My Atlas tester’s heatable steering wheel rim was nice, and the driving position superb. The tilt and telescopic steering column reaches far enough rearward to provide the type of control and comfort I required, due to having a body with proportionally longer legs than torso. The seats were comfortable too, with good lower back support.
Additionally, the rear seating area is very accommodating, even for those in the third row that received comfortable backrests and ample space for feet under the upgraded second-row captain’s chairs in my test model. Those individual second-row chairs allowed space in between to access the rearmost seats, making life easier when kids are aboard. There’s a place for what-have-you plus cupholders to each side, and also good you’ll find third-row vents in the C pillars so rear passengers won’t feel claustrophobic. This in mind, the rear side quarter windows are easy to see out of, and Volkswagen also includes reading lights overhead. I can’t see any child or average-sized person complaining about the Atlas’ rearmost compartment, even during a long trip.
Back to the second-row seating area, VW includes ventilation on the backside of the front console, as well as a digital display for the SUV’s automatic rear temperature control system’s third zone. The only negative about the Atlas’ otherwise excellent HVAC system is that the aforementioned Telluride and Palisade offer quad-zone auto climate control systems. They also make heated and cooled second-row seats available, whereas this VW only included three-way warmers in back, plus the South Korean models get USB charging ports in the third row, this important feature found only in the Atlas’ first and second rows.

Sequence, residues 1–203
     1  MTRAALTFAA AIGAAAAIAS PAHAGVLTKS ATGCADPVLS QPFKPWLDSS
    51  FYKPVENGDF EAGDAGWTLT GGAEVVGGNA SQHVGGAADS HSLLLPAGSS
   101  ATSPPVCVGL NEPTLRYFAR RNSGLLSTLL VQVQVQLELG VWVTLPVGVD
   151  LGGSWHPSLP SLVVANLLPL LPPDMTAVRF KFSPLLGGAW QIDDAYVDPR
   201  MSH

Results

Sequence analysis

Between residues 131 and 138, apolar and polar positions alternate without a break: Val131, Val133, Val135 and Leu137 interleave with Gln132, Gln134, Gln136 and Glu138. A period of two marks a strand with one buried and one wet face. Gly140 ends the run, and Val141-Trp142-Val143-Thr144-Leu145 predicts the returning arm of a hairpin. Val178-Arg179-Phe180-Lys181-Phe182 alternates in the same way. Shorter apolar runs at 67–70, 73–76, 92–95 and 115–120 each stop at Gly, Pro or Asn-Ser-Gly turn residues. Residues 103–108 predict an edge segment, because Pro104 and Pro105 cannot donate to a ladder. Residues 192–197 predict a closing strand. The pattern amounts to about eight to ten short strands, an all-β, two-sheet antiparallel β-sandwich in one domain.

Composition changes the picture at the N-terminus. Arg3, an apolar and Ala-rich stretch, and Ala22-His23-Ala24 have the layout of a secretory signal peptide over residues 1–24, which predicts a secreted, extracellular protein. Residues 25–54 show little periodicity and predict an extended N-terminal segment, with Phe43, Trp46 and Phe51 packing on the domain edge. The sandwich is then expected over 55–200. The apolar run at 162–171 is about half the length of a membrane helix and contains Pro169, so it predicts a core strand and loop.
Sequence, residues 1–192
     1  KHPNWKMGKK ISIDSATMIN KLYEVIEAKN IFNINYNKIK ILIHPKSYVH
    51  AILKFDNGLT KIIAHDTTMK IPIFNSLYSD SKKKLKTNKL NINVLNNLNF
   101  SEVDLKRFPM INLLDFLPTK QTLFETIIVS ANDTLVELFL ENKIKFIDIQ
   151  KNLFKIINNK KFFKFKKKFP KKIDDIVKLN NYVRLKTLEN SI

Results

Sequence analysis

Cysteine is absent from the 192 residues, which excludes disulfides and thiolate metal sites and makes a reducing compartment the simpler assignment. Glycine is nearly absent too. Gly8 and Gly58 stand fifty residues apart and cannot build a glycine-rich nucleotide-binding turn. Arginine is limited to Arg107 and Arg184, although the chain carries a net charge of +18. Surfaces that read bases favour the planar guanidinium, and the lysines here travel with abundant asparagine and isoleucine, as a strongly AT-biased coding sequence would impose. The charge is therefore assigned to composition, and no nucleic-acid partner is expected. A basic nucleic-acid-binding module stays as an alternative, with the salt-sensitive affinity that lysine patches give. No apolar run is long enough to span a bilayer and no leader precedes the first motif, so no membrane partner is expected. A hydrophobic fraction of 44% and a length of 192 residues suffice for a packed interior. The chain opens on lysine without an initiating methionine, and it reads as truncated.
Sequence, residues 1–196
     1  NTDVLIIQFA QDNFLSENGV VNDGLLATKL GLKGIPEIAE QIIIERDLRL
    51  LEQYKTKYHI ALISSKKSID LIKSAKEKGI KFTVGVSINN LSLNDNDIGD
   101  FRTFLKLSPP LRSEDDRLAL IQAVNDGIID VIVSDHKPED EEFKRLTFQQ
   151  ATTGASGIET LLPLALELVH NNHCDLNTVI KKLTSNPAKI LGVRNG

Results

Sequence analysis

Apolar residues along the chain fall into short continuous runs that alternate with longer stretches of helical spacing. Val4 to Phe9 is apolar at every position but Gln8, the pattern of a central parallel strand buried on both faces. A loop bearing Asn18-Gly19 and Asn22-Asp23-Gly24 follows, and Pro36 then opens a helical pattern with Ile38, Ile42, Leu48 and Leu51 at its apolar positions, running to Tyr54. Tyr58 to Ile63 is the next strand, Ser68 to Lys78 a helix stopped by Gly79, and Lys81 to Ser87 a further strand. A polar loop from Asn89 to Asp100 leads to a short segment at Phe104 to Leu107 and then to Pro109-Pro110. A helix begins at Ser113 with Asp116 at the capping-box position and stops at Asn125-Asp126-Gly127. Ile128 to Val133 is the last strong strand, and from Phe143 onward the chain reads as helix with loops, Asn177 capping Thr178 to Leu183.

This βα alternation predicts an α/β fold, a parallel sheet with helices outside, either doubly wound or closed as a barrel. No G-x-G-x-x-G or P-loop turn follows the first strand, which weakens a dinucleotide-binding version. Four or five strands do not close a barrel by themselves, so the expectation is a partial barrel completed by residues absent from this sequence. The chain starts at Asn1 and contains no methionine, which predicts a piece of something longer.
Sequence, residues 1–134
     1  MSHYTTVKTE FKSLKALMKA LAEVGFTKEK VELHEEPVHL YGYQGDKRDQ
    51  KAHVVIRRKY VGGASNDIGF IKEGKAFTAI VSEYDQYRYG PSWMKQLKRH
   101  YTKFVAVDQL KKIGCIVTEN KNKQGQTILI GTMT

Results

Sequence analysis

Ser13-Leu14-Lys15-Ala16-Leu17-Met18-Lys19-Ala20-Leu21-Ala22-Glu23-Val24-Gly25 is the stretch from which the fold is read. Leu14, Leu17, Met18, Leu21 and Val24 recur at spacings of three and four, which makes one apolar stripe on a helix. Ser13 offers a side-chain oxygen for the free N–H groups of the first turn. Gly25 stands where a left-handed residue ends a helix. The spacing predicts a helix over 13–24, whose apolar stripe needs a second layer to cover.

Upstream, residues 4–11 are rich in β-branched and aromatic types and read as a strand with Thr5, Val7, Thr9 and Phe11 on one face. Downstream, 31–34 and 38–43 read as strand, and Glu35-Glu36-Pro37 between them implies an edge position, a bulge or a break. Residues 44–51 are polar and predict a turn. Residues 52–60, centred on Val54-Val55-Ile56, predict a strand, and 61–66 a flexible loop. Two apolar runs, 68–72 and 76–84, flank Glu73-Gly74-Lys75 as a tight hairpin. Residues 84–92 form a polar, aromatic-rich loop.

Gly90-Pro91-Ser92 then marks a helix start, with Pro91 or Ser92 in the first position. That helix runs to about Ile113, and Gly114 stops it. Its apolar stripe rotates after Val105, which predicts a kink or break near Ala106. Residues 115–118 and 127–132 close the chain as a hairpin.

Volkswagen provides a powered rear door to access the large cargo area, par for the course in this class, which impressively measures 583 litres (20.6 cubic feet) behind the third row, 1,571 litres (55.5 cu ft) behind the second row, and 2,741 litres (96.8 cu ft) when all seats are folded flat.
Lifting up the load floor exposes the usual tire changing equipment and a subwoofer for the audio system, but unexpectedly appreciated was a handy storage location for the retractable cargo cover when not in use. The 50/50-split third row folds down easily and provides a flat loading floor, and while you’ll eventually get a nice, mostly flat loading floor from lowering the second-row seats as well, you’ll be forced to walk around to the side doors in order to do so. The Kia and Hyundai competitors provide power-folding rear seats.
As you may have guessed, Volkswagen delivers in spades when taking the Atlas out on the road. The brand has long been respected for endowing its vehicles German performance characteristics at a budget price, and to that end the big SUV’s 3.6-litre V6 really gets up and goes thanks to 276 horsepower and 266 lb-ft of torque mated to a smooth and snappy eight-speed automatic transmission. Still, that’s not quite as much oomph as the Telluride and Palisade’s V6, which puts out 291 horsepower and 262 lb-ft of torque while also conjoined to an eight-speed automatic, and while all three SUVs sport all-wheel drive, the South Koreans weigh about 300 lbs less, so they feel a bit more engaging off the line.